Monday, November 21, 2022

Formal Vesture for Men and Women in a Parish Choir: A Solution

In honor of St. Cecilia

Guercino, St. Cecilia (looking somewhat as if she’s wearing an alb, cincture, and cope)

Those who have been involved in high-level parish music programs have often wondered how to solve a particular problem that arises when one tries to take seriously the truth that singers are making a formal, if not ministerial, contribution to the liturgy — in other words, that they occupy a special designated place in the unfolding of the action that deserves to be distinguished in a way that is not necessary or fitting for the laity in the pews. The problem is simply: How to clothe the musicians?

I see three main reasons for using a uniform choir garb:

(1) It recognizes, with appropriate symbolism, the choir’s liturgical role of furnishing sacred music and leading the congregation. This kind of symbolism is the reason we have all the vestments we have, such as the priest’s and the server’s. (In fact, there even exists a “Ritual for Choir Investiture” that could be utilized at the start of an academic year.) The Second Vatican Council seems to support this point when it says:

Servers, lectors commentators, and members of the choir also exercise a genuine liturgical function. They ought, therefore, to discharge their office with the sincere piety and decorum demanded by so exalted a ministry and rightly expected of them by God’s people. Consequently they must all be deeply imbued with the spirit of the liturgy, each in his own measure, and they must be trained to perform their functions in a correct and orderly manner.  (Sacrosanctum Concilium 29)
As one commentator notes:
The choir is a constituent member in the liturgical action, whether in stalls in a chancel, or a loft above the nave. Like the lay servers at the Altar, they are liturgical ministers, though not sacred ministers. Accordingly, they should be vested as lay liturgical servers.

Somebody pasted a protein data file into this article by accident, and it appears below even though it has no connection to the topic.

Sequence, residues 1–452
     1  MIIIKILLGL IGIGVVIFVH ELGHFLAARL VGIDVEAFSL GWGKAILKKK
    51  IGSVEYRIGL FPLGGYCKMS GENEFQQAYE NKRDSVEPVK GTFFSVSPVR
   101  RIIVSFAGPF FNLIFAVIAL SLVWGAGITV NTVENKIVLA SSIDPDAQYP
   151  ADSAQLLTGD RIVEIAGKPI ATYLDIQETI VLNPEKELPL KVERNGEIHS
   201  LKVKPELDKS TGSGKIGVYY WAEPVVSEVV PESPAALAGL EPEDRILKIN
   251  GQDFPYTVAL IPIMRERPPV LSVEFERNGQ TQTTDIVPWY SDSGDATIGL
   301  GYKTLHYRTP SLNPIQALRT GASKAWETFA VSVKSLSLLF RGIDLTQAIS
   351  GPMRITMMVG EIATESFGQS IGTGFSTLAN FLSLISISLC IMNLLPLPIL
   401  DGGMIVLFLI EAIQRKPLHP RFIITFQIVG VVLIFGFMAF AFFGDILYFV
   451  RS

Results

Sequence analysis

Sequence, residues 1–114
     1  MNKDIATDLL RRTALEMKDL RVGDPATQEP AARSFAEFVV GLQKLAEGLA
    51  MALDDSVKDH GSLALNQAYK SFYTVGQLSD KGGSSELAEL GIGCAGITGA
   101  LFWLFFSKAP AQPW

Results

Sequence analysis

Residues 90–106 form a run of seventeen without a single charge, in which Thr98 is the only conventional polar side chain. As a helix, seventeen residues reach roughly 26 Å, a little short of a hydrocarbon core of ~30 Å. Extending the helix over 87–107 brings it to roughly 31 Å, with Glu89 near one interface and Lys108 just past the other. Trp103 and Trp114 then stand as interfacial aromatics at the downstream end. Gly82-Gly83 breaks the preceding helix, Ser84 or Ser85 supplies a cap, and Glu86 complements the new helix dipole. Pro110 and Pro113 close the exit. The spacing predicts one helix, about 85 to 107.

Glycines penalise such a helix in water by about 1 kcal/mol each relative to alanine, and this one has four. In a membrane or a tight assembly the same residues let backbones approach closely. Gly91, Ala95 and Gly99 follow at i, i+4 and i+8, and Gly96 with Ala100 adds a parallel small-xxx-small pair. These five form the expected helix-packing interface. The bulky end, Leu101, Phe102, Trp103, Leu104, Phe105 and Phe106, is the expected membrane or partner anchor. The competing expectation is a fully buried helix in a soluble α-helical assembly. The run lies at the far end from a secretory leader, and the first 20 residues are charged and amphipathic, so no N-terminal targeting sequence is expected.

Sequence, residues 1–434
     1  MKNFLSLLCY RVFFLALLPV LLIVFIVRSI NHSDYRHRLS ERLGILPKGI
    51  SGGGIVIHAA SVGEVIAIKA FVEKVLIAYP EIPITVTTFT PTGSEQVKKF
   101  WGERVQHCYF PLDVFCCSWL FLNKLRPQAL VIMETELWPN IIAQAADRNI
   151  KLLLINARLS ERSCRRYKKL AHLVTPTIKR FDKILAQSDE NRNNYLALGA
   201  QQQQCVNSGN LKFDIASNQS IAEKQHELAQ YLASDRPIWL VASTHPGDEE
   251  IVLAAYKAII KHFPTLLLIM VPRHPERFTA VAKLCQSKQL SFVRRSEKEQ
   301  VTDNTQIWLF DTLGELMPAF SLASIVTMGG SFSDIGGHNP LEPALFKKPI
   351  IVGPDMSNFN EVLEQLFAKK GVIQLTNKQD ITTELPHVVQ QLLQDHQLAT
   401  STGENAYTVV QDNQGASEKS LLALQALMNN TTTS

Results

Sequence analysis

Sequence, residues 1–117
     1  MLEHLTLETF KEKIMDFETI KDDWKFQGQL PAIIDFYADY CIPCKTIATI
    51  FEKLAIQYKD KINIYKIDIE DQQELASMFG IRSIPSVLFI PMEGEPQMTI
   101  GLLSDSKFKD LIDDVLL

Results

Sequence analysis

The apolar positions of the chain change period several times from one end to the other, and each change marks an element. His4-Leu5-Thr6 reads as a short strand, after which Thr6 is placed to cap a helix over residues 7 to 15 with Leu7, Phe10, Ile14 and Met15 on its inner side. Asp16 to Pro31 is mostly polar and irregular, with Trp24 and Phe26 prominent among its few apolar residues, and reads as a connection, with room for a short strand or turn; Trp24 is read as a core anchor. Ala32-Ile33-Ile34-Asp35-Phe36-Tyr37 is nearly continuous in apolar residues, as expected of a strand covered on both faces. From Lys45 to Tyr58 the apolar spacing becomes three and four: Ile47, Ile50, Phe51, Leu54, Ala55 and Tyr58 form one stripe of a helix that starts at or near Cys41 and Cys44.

(2) It gives the choir a greater external beauty of appearance, which is appropriate both for the choir’s procession at Communion time and for when the choir travels, if that is part of its program.

(3) It helps the choir members themselves be more focused and serious about their role in the liturgy, and thus gives them a more tangible sense of purpose and service. This is a widely known phenomenon that explains why choirs generally perform better when in uniform (something analogous can be seen in business, academic, and military settings as well).

Now, if one is talking about a men’s schola that can be situated in the choir area of the transept or near the sanctuary, the question is easy to answer: they should wear the classic cassock and surplice.

But if one is talking about a mixed choir of men and women (a practice I have defended elsewhere) located elsewhere in the church, usually in a choir loft, the solution is not so obvious. For if the men in the ensemble wear cassock and surplice, it looks odd for the women to wear diverse lay clothing; and if they all dress in black or some other agreed-upon color, there is still perhaps an aesthetic mismatch.

Various solutions have been proposed. One of them is to dress the entire ensemble in cassocks without surplices, usually red or blue:

Another and better solution, in my opinion, can be seen in the St. John the Baptist Schola Cantorum from Allentown, New Jersey, which I had the privilege of singing with last year. The photos have been shared with me by the estimable director Peter Carter. The current format is for boy and girl choristers to alternate every week in singing with the Schola Cantorum (mixed adult choir). Also, the women and girls’ vestments are still a work in progress, as there will be a matching veil for the women and girls. The robes for the men and women are technically cassocks, but Carter refers to them as “robes,” with the men wearing surplices and the women mantles. The “cassocks” are double-breasted and do not have the clerical collar which, with the color, differentiates them in style from the cassocks of the clergy and servers. 

First, the mixed ensemble:

The men and boys:

The women and girls:

The mantles were crafted by a seamstress at my parish from surplices and are modeled after the historic mantle of St. Clare of Assisi:

The cassocks and surplices were purchased at Watts and Co.

While Carter likes the solution he came up with (and I agree that it is elegant and suitable for the purpose, without violating any liturgical conventions), it’s not terribly easy to replicate at the moment, because the robes and surplices from Watts and Co. are expensive, their fulfillment of orders is slow, and the surplices have to be reworked into mantles by a seamstress at St. John’s. Perhaps this post will inspire an American vestment maker to make a similar solution more easily available! 

(Here's the photo of when I visited the Schola. What a great group to sing with!)

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